Quote from: X_RaY on 05/26/2016 08:46 PM...Is it possible that thrust generation is based on the magnetic field vectors (rotation vector of the standing wave{curl_H}) acting at the sidewall(s) instead of radiation pressure at the end pates?In here https://forum.nasaspaceflight.com/index.php?topic=39214.msg1526577#msg1526577:I show that for TE modes the stress at the conical walls is compressive and entirely due to the energy density, due to the magnetic component in the longitudinal direction, parallel to the conical side walls. Therefore if thrust is real for mode shapes TE012 and TE013 used by Shawyer, it must be due to the magnetic field vector parallel to either the conical walls, and/or the magnetic field vector parallel to the end plates.

Quote from: Rodal on 05/26/2016 08:56 PMQuote from: X_RaY on 05/26/2016 08:46 PM...Is it possible that thrust generation is based on the magnetic field vectors (rotation vector of the standing wave{curl_H}) acting at the sidewall(s) instead of radiation pressure at the end pates?In here https://forum.nasaspaceflight.com/index.php?topic=39214.msg1526577#msg1526577:I show that for TE modes the stress at the conical walls is compressive and entirely due to the energy density, due to the magnetic component in the longitudinal direction, parallel to the conical side walls. Therefore if thrust is real for mode shapes TE012 and TE013 used by Shawyer, it must be due to the magnetic field vector parallel to either the conical walls, and/or the magnetic field vector parallel to the end plates.In the meep simulation which I have subsequently animated (December 2015), the magnetic fields are most definitely NOT parallel to the small end or the side sloped walls. They ARE parallel to the big end plate.Original Post: http://forum.nasaspaceflight.com/index.php?topic=39004.msg1467619#msg1467619

My biggest problem with the meep pics was that the single pics only represent single vector components (most of what we saw was autoscaled), so this has generated a lot of confusion.

Quote from: X_RaY on 05/29/2016 03:42 PMMy biggest problem with the meep pics was that the single pics only represent single vector components (most of what we saw was autoscaled), so this has generated a lot of confusion.Just to clear up any possible confusion as to what the animation in that post shows: http://forum.nasaspaceflight.com/index.php?topic=39004.msg1467619#msg1467619The animation in the linked post is 3D vectors plotted with origin, direction, and amplitude, of the H field for two slices across the X plane (x=0, x=10). There is a min(always 0) and max (for scale) in numbers along with the frame number on the top left. All values are in 'meep units' which aero tells me should be multiplied by 3.33 to get to 'engineering units'.The meep simulation is 291x390x327 elements (~37M elements) (on the order of 1/100 of the wave size), and ~3.2 degrees of phase per frame (112 frames within one waveform). The E fields are indeed parallel to the surfaces. The H fields are not.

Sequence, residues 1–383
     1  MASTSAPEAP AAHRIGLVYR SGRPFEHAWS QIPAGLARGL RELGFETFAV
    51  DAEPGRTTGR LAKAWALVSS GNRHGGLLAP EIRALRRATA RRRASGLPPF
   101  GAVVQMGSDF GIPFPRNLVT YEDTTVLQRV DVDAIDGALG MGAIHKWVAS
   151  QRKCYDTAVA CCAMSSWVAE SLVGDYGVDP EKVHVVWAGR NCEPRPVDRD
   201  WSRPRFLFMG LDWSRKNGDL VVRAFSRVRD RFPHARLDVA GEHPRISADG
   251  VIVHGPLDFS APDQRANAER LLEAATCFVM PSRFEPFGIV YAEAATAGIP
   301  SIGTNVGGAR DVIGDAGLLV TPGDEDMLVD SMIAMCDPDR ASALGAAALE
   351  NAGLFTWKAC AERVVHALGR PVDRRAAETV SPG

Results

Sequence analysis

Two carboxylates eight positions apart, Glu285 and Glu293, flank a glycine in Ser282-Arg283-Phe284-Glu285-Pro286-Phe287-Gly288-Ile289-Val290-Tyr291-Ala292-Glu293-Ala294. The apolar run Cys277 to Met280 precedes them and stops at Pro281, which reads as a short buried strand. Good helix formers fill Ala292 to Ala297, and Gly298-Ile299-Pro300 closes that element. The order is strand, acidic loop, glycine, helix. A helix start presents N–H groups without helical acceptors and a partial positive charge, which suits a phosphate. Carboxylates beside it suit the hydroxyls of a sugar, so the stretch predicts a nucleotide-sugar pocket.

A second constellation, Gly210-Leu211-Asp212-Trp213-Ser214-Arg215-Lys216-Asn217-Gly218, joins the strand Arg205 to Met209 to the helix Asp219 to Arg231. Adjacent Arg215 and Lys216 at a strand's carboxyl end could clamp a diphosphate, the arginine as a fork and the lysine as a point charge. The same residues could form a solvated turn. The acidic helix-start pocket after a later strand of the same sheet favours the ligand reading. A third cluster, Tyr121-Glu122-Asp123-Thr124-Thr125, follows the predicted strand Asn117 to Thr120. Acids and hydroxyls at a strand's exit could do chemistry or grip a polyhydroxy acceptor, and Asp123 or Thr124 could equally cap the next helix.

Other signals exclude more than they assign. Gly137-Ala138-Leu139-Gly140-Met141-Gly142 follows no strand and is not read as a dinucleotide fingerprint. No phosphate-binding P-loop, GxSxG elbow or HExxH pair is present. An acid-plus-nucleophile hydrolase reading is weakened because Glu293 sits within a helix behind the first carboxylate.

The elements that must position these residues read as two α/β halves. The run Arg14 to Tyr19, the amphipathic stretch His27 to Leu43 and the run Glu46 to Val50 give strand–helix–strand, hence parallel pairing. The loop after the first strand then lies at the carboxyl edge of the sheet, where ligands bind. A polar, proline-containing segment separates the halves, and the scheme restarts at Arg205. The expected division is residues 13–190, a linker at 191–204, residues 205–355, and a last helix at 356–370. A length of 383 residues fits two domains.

Quote from: VAXHeadroom on 05/29/2016 05:50 PMQuote from: X_RaY on 05/29/2016 03:42 PMMy biggest problem with the meep pics was that the single pics only represent single vector components (most of what we saw was autoscaled), so this has generated a lot of confusion.Just to clear up any possible confusion as to what the animation in that post shows: http://forum.nasaspaceflight.com/index.php?topic=39004.msg1467619#msg1467619The animation in the linked post is 3D vectors plotted with origin, direction, and amplitude, of the H field for two slices across the X plane (x=0, x=10). There is a min(always 0) and max (for scale) in numbers along with the frame number on the top left. All values are in 'meep units' which aero tells me should be multiplied by 3.33 to get to 'engineering units'.The meep simulation is 291x390x327 elements (~37M elements) (on the order of 1/100 of the wave size), and ~3.2 degrees of phase per frame (112 frames within one waveform). The E fields are indeed parallel to the surfaces. The H fields are not.I am sure you (and aero) put many work into these calculations as well as in the visualisation. I am sorry but Dr.Rodal is absolutely right about the related physical basics. The E-field vector close to a conductive wall can´t be parallel to that wall and so on.. Boundary conditions of electromagnetic fields are non-negotiable

Quote from: Rodal on 05/06/2016 05:31 PMQuote from: SeeShells on 05/06/2016 05:10 PM...The momentum of light in media remains one of the most controversial topics in physics [1–6]. The debate has continued for more than a century since Minkowski and Abraham formulated 4 × 4 energy-momentum tensors in the early 1900s [7–9].https://www.researchgate.net/publication/292342272_Kinetic-energy-momentum_tensor_in_electrodynamicsProfessor Melcher at MIT (and previously Prof. Chu and others at MIT's Radiation Laboratory) was already showing decades ago in MIT classes that the Einstein-Laub formulation of electrodynamics is invalid since it yields a stress-energy-momentum tensor that is not frame invariant. (It is an interesting historical vignette that Einstein did not realize this at the time he wrote the paper with Laub)They do credit Prof. Chu with the correct invariance relations. But that is one of the reasons why Prof. Chu at MIT developed his formulation.This was known by students that listened to the lectures of Prof. Chu and Melcher at MIT Reference: Prof. Melcher's masterpiece "Continuum Electromechanics" which he wrote in 1972-1973 while he was in sabatical at Cambridge University working with Sir Taylor and G. BatchelorCorrect, although The Einstein-Laub formulation of electrodynamics does work in a real world lab. 1973, Ashkin and Dziedzic performed a experiment in which they focused a green laser beam on the surface of water and saw what they called "the toothpaste tube effect" where a bulge appeared in the surface of the water. Using a Lorentz formula the existence of expansive and compressing forces effectively cancel out, negating a possible bump forming on the water surface. The real world lab test showed where pure theoretical extraction detailing out why there are thrusts from a asymmetrical cavity are lacking. . . This is why lab data is king right now. ShellBack to work... will be on later. Have company helping me move my new frame for the lab.